Final Score: Braves 9, Phillies 5
It’s not often that you get picked off in a game and still have observers leave a game wondering if you’re the best player on the planet. But Atlanta Braves outfielder Ronald Acuña Jr. was able to strike that balance Tuesday evening in a victory over the Philadelphia Phillies.
Yes, Acuña was picked off by Phillies reliever José Alvarado in the top of the seventh inning, but the rest of his evening was so dominant that you almost forget about what’s usually a game-defining mistake.
Acuña hit one of the most majestic home runs that Citizens Bank Park has ever seen off of Aaron Nola in the top of the third inning, a 460-foot bomb that nearly cleared the second deck in left field.
The former National League Rookie of the Year took a poor route to a ball hit to deep right field off the bat of Ronald Torreyes in the bottom of the fourth inning, only to recover in time to make a tremendous catch in right field:
The next inning, Acuña doubled into left field, and was plated by Freddie Freeman on an RBI single.
Four frames later, Acuña atoned for being picked off the top of the seventh inning, driving in two more runs, to essentially put a win on ice for the Braves.
In total, Acuña – an early National League MVP favorite – went 3-4 with a home run, three RBIs and three runs scored.
Those who waited through a 40-plus minute rain delay at Citizens Bank Park Tuesday were treated to a show displaying some of the best position-playing talent in baseball. The problem for the Phillies was that Acuña was so dominant, it made Bryce Harper and J.T. Realmuto both hitting home runs in the series opener against the Braves an afterthought.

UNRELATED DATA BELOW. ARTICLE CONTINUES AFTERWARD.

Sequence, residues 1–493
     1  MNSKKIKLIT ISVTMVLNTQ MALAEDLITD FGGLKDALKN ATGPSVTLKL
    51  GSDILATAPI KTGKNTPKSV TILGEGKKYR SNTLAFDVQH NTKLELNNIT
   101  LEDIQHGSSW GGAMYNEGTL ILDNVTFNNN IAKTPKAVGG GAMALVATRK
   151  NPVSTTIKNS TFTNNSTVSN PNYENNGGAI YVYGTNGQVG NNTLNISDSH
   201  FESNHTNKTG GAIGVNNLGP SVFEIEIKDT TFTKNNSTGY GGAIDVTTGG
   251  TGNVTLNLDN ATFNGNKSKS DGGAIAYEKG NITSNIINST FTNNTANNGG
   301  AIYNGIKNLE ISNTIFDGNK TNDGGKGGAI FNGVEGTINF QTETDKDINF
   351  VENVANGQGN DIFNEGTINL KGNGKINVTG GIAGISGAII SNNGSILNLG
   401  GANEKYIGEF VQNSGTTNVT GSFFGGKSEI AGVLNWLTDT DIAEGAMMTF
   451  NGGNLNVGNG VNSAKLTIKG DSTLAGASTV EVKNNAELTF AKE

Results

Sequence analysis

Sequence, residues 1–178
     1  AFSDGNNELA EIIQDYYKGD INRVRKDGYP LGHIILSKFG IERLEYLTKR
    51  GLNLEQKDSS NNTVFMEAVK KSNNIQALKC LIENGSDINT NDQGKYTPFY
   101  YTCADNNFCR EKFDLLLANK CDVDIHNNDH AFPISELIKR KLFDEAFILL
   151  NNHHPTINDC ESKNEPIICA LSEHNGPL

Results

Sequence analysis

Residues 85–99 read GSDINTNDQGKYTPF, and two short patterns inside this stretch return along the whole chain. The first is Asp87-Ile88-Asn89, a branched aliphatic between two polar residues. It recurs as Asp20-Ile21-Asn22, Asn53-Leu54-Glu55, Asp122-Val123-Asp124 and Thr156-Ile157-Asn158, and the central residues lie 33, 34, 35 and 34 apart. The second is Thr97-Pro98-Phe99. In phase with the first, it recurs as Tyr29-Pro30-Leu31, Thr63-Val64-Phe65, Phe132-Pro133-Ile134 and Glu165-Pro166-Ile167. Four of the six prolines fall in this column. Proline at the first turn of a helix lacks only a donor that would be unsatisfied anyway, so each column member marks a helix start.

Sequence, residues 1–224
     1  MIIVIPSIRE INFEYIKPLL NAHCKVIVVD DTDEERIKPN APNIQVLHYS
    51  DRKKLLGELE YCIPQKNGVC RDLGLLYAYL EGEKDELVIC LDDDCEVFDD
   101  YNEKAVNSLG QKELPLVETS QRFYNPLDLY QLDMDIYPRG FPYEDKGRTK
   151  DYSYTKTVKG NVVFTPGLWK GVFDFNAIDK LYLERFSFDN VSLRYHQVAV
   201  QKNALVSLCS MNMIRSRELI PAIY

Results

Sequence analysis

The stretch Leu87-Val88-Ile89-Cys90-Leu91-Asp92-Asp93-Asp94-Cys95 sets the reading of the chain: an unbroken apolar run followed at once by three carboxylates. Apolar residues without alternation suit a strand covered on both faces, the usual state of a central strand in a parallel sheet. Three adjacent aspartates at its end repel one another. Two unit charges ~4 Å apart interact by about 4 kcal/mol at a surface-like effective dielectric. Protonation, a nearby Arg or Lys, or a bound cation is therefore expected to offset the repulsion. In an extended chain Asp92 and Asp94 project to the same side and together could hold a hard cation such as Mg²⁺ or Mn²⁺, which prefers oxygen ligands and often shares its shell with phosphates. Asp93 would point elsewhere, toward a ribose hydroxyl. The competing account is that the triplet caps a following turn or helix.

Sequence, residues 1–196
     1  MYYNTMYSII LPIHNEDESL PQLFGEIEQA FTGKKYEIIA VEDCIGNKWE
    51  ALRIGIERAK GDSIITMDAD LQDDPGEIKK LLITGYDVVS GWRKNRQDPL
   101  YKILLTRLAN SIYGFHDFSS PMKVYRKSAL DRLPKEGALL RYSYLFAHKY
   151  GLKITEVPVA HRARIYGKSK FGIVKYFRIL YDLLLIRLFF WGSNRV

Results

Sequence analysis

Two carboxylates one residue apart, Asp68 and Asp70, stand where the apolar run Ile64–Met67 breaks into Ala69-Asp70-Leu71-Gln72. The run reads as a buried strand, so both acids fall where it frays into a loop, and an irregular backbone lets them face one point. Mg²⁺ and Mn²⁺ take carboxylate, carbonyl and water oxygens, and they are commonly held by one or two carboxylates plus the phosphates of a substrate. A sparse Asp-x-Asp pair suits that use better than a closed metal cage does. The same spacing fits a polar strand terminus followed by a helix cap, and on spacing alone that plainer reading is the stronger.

- After retiring Ronald Acuña Jr. and Freddie Freeman to begin the game, Aaron Nola again ran into first-inning troubles. With two outs, Nola walked Ozzie Albies, who was ultimately plated by Austin Riley on a double into right-center field:
- Dansby Swanson, who typically hits very well against the Phillies, lined a ball hard with two outs, but Jean Segura was able to put it away to end the inning. Still, Nola now has a 6.92 ERA in the first inning in 2021.
- Acuña hit one of the most no-doubt-about it home runs in the history of Citizens Bank Park in the top of the third inning, a 460-foot bomb to left field that nearly reached Harry The K’s. It’s hard to think that there have been five balls hit further at Citizens Bank Park by a right-handed hitter:
- The Phillies got on the board in the home half of the third inning, with Nola helping his own cause. After Alec Bohm and Ronald Torreyes singled to begin the inning, Nola executed a perfect sacrifice bunt down the first base line, which allowed Bohm to score from third and Torreyes to move up to second.
- Despite him being advanced to third base on a relatively deep fly ball off the bat of Odúbel Herrera, the Phillies weren’t able to bring Torreyes home. Jean Segura worked a seven-pitch walk with two outs, but Rhys Hoskins popped up in the infield to end the inning.
- William Contreras increased the Braves lead with a solo shot in the top of the fourth inning, giving Atlanta a 3-1 lead:
- Bryce Harper answered back with a solo home run of his own in the bottom of the fourth inning, his 37th career blast against the Braves:
- After finishing off the bottom of the fourth inning with a circus-like catch in right field, Acuña doubled into left with with one out in the top of the fifth inning. Freeman followed that up with a single into center field. Braves third base coach Ron Washington elected to test Herrera’s arm in center field, and that gamble paid off with Acuña scoring without a throw after Herrera whiffed on an attempt to come up throwing to home.